If Scotland does not have a legal right to independence because that right simply no more applies to places like Scotland than it does to places like Saxony, Lombardy or Vermont, then it legally matters not one jot or tittle whether the SNP, Alba et al wins 50% or more in a General Election, Holyrood election or local council election.

It is for Westminster alone to decide whether it grants Scottish independence, just as it was for Washington alone to decide whether it would grant South Carolina independence. The UK is a unitary state and Westminster is sovereign.

It then becomes a political matter. David Cameron felt compelled to give Alex Salmond a referendum. He could and I believe should have refused for the reasons above. If Scottish nationalist parties won 50% in a de facto referendum, whatever that is, it would still be up to Westminster to decide either to grant independence or more likely to grant a legal referendum, but this would be matter of politics rather than law. Legally Westminster can refuse forever even if the SNP won 100% in its phony referendum.

What has changed lately is that while David Cameron felt compelled by SNP success at Holyrood to grant a legal referendum, subsequent Prime Ministers are moving gradually away from this idea. Scots voted to stay in the UK, which still more justifies this changed the situation. With the legal backing of the Supreme Court a Prime Minister will no longer feel politically compelled like Cameron. He or she can legally and perhaps politically to say No forever. The UK is becoming like France or Germany where there is no question of a part seceding. It is becoming a dead issue rotting from the head down and beginning to smell.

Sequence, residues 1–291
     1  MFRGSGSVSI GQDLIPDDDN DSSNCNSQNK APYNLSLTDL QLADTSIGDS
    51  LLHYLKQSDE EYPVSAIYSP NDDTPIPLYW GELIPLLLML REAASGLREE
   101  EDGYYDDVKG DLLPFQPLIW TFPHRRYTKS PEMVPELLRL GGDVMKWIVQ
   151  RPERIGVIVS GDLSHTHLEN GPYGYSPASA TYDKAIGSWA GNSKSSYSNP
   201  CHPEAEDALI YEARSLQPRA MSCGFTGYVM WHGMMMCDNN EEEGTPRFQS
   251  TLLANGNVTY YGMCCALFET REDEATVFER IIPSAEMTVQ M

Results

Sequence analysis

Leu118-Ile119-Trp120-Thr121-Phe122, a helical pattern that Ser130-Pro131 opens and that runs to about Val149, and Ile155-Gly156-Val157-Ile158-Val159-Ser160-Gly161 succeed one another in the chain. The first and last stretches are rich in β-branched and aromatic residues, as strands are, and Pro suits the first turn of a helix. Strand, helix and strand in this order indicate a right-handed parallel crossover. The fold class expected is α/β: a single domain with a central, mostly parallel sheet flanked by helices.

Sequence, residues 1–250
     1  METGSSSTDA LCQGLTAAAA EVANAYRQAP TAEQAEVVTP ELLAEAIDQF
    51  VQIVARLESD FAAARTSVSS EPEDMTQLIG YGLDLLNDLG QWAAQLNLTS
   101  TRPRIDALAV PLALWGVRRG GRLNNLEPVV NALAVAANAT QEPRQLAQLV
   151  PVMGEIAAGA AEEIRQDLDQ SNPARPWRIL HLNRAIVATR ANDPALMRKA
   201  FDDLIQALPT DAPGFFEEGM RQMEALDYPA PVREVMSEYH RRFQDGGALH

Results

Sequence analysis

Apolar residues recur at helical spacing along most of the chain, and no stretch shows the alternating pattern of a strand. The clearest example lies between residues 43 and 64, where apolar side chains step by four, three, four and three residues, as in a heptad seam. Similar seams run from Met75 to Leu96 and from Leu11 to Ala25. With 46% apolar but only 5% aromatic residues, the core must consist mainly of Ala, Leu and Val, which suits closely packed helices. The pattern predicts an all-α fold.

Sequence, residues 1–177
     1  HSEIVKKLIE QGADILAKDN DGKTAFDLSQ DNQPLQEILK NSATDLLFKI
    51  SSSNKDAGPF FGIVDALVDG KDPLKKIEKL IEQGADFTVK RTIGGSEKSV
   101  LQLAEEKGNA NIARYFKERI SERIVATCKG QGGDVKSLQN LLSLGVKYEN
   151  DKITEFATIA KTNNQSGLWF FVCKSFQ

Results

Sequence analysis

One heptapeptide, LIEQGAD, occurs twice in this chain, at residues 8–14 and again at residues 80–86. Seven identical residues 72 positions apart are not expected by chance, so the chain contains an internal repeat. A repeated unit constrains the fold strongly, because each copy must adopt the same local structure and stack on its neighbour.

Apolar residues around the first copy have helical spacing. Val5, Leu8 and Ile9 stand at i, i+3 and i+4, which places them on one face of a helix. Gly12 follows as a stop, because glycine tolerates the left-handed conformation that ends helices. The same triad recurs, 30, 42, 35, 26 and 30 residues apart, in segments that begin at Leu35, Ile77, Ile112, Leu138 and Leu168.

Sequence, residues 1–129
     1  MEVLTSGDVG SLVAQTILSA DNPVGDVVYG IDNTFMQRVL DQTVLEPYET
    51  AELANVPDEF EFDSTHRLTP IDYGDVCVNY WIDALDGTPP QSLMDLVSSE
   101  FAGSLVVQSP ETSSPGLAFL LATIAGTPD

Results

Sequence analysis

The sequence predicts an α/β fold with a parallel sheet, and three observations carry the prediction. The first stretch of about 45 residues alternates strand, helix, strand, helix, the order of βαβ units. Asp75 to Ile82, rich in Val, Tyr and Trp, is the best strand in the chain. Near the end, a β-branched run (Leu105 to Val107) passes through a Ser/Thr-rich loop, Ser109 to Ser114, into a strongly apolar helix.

All of this was very strangely foreseen a long time ago


There are two royal fish so styled by the English law writers—the whale and the sturgeon; both royal property under certain limitations, and nominally supplying the tenth branch of the crown’s ordinary revenue. I know not that any other author has hinted of the matter; but by inference it seems to me that the sturgeon must be divided in the same way as the whale, the King receiving the highly dense and elastic head peculiar to that fish, which, symbolically regarded, may possibly be humorously grounded upon some presumed congeniality. And thus there seems a reason in all things, even in law.


What did you learn Effie? That Sturgeon’s head is dense. It changes its mind elastically. The rotting head, her leadership is divided from both her party and supporters and the whole Sturgeon belongs to the Crown.

Scottish nationalism is holed beneath the waterline still more than the Pequod. Once the law says that Scotland has no legal right to secession, it becomes absurd to pretend that it is undemocratic if secession is not granted. You cannot have a democratic right to something to which you don’t have a legal right. You cannot vote to steal something that is not yours.

Devolution gave people like Sturgeon more power than they could have dreamed of, but there were limits built in and the limits are becoming still more limited. There seems a reason in all things, even in law.